Wednesday, July 19, 2006

Presidential Veto

I am happy he vetoed the stem cell bill. Didn't think that President Bush would veto anything and I am glad he made it count. For the defense, here's Tony Snow:

MR. SNOW: And I'll tell you what, it's worth pointing out one thing — actually several things on stem cells. Number one, the President is the first ever to have financed research using embryonic stem cell lines. Number two, there is a bit of demagoguery in the House of Representatives. Representative Castle was circulating talking points about a measure that the House ended up killing that would have provided for research into promising areas that would give us access to what he wants, which are pluripotent cells. But rather than using embryos, it could use adult cells and other cells, and using techniques that are now being pioneered here in the United States provide exactly what he wants. And instead what he did is, is he circulated a series of misleading and fallacious talking points. And on that particular matter, the President is disappointed in the House of Representatives.

Let me just give you a couple of examples. One of the things that Representative Castle was saying is that "it mandates the National Institutes of Health to support highly speculative research, some of which has been deemed unethical by the President's own bioethics council." Wrong, false, 100 percent wrong.

As a matter of fact, what the bioethics council said is that this precise kind of research, because it does not place in jeopardy the life of a human being — which is what many people think that the embryo is, and that is what the President believes — you do not engage in morally controversial research when you find ways to back-engineer adult or blood cord cells.

Second point, he says, "it takes the focus away from advancing cures through federal funded embryonic stem cell research." Again, the most promising research to date — and, granted, a lot of the embryonic stem cell research is itself relatively young, has been in some of these areas that we're talking about.

So the President is disappointed in the House of Representatives for actually seeming to try to create a false choice, which is to say, either you do embryonic stem cells, which raise the specter in many people's minds of killing another human being, or you don't support anything at all, a "my-way-or-the-highway" approach. What the President has done is he has provided access to previously existing embryonic stem cell lines, which are responsible for the vast bulk of research in the entire world, and also pioneering other methods which would get people to exactly the promised land they seek, which is to take a look at pluripotent cells, but getting there through a morally non-controversial means. And apparently that's not good enough for some members of the House.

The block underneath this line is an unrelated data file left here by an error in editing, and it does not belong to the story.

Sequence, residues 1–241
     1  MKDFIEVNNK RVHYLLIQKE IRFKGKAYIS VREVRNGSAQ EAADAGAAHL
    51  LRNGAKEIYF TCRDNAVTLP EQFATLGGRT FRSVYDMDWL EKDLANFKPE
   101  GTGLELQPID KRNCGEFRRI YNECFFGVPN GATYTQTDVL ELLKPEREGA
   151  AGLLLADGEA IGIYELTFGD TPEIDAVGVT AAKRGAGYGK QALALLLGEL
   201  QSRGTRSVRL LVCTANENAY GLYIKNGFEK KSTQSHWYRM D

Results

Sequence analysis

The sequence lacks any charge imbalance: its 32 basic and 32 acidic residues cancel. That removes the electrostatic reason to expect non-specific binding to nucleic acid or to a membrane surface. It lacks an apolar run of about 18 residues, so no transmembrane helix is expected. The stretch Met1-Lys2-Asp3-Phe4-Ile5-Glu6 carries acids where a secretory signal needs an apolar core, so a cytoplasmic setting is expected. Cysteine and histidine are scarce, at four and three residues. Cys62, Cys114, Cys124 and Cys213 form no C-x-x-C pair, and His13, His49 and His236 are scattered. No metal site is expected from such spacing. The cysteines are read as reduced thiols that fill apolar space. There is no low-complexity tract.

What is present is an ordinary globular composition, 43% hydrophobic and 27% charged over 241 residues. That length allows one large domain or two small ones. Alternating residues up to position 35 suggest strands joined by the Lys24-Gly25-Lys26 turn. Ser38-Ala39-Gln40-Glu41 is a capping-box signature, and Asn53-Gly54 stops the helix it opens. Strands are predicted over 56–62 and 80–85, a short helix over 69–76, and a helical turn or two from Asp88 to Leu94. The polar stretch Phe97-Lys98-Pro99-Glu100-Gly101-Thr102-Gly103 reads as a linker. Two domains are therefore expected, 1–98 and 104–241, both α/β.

Q But it often appears in some of the reporting and some of the discussion out there that the President is holding back scientific progress.

MR. SNOW: Wrong.

Q How do you —

MR. SNOW: You're just flat wrong. Just flat wrong. I mean, that is basically an attempt to substitute an insult for an argument. I've given you the argument and I've rebutted the insult.

Q Can I follow up on that?

MR. SNOW: Yes.

Q I mean, you got a lot off your chest there, but he asked you a political question, and that is, you know, Democrats clearly feel that there's support in the country for this bill, so therefore why won't it hurt Republicans in the fall?

MR. SNOW: I just don't think it will. I think a President acting on conscience — a President who, again — Bill Clinton, as President, didn't authorize any of these lines. This is a President who's spent more money on embryonic stem cell research and stem cell research generally than any President in American history. He's got the track record. What's happening now is that people are trying to politicize it by accusing him of standing in the way of science, when he's the guy who's made it possible to open up the way to science.

Furthermore — getting me warmed up here — for those who are engaged in embryonic stem cell research, there's no legal prohibition against their doing it. What they don't have access to is federal funding. And so the idea that the President is standing in the way of science seems to indicate that the only way you do it is through a federal grant. And there is a burgeoning business — as you know, a lot of people getting rich already — in this kind of medical research. So I would argue that the President is the recipient of a bum rap, and for that reason people, when they do get a chance to judge the facts, are going to draw the same conclusion.

I understand people who support embryonic stem cell research because they do not have the same ethical views that I do; I hate how ethical reservations on embryonic research is characterized as anti-science.

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